But the nonprofit U. S. VETS in Inglewood, located at 733 Hindry Ave., is on a mission to assist veterans with free services and to provide housing for as many veterans as possible.

U. S. VETS Inglewood Executive Director Akilah Templeton said she is dedicated to helping vets transition off the streets and move into permanent housing.

“It’s been quite a journey, but every day you have the opportunity to serve,” she said, adding, “Currently, we have 600 vets at the site and 225 of those are in transitional housing.”

U.S Vets opened its doors in 1993 with only five clients. Since then, it has grown to operate more than 600 beds and supplies both transitional and permanent housing. To date, the organization has served more than 10,000 veterans.Funds to run the facility are derived from local and federal funding, including funds from the Veterans Administration, the Los Angeles Homeless Services Authority, several banks as well as individual and corporate donors.

Housed in an eight-story, white brick building, the nonprofit organization provides drug and alcohol counseling and free housing as well as comprehensive supportive services that include individual case management, employment assistance, job placement, psychological counseling and social activities. A workforce program helps more than 100 veterans return to employment each year.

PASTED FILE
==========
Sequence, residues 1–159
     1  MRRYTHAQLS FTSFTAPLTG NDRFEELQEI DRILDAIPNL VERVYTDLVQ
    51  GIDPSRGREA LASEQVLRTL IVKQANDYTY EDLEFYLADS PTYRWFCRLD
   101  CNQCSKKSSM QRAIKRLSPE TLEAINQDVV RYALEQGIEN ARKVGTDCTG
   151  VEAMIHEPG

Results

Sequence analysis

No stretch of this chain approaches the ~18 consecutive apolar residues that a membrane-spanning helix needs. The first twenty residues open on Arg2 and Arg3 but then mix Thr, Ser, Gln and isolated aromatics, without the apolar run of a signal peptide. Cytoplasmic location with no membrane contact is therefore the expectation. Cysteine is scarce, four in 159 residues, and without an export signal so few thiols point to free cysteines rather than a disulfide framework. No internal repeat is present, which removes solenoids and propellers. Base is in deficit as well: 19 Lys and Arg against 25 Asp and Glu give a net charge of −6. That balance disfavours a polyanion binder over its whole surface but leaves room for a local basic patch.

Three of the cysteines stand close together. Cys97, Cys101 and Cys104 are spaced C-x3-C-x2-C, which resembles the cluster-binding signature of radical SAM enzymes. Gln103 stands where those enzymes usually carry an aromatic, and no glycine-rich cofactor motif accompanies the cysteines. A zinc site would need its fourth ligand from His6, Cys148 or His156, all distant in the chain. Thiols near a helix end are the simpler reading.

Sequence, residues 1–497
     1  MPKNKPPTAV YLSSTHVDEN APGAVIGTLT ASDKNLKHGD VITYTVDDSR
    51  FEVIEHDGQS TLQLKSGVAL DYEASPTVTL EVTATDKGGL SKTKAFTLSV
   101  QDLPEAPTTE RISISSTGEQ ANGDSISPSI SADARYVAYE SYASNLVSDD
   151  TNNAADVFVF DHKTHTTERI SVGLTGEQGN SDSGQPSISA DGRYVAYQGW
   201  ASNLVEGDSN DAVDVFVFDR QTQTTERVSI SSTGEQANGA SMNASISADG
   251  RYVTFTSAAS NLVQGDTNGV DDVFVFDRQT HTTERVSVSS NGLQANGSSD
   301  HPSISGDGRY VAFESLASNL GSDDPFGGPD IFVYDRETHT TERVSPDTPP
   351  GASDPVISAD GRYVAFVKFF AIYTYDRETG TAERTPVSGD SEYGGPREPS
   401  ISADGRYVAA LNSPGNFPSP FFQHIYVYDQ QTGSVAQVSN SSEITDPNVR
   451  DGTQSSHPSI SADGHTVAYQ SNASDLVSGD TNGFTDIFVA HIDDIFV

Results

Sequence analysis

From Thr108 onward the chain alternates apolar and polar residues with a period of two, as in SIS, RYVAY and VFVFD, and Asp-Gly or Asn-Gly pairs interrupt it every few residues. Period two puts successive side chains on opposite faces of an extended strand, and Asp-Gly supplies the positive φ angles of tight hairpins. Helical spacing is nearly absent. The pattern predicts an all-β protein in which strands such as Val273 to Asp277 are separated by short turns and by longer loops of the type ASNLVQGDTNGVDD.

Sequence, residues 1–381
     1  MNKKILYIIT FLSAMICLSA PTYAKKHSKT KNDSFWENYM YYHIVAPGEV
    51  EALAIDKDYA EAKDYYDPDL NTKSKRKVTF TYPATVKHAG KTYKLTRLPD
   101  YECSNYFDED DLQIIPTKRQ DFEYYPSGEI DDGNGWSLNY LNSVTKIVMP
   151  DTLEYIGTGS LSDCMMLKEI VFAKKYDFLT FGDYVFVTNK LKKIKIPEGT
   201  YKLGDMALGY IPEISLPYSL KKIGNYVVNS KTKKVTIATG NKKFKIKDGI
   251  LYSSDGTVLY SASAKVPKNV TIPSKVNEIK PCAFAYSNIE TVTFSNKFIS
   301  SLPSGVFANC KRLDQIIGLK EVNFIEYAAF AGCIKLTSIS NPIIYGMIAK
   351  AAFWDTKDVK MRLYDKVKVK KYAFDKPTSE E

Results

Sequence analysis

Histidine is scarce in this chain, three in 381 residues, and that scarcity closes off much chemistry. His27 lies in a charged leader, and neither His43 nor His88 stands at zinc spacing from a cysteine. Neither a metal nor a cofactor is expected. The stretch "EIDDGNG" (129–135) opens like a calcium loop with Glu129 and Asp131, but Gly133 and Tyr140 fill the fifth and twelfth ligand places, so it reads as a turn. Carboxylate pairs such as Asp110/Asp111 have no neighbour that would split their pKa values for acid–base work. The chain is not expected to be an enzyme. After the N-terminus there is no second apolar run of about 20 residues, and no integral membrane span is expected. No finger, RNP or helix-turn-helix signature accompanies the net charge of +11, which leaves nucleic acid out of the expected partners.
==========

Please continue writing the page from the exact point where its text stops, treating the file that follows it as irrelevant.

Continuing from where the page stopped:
Services include Veterans in Progress, which prepares veterans to obtain and maintain employment while providing comprehensive support including housing, counseling and basic needs.

The Fathers Program helps non-custodial fathers to become more emotionally and financially involved in their children’s lives and helps them find employment along with comprehensive support.

The High Barriers Program works with veterans who have additional obstacles to overcome in seeking employment including advanced age, a history of felonies and incarceration or long periods of unemployment.

The Substance Abuse Services Coordination Agency (SASCA) works in conjunction with a community parolee program to provide case management, substance abuse education and re-entry programs for veterans.

The Long-Term Supportive Housing program provides affordable, sober, service-enriched rental housing for vets with employment or other income such as disability payments.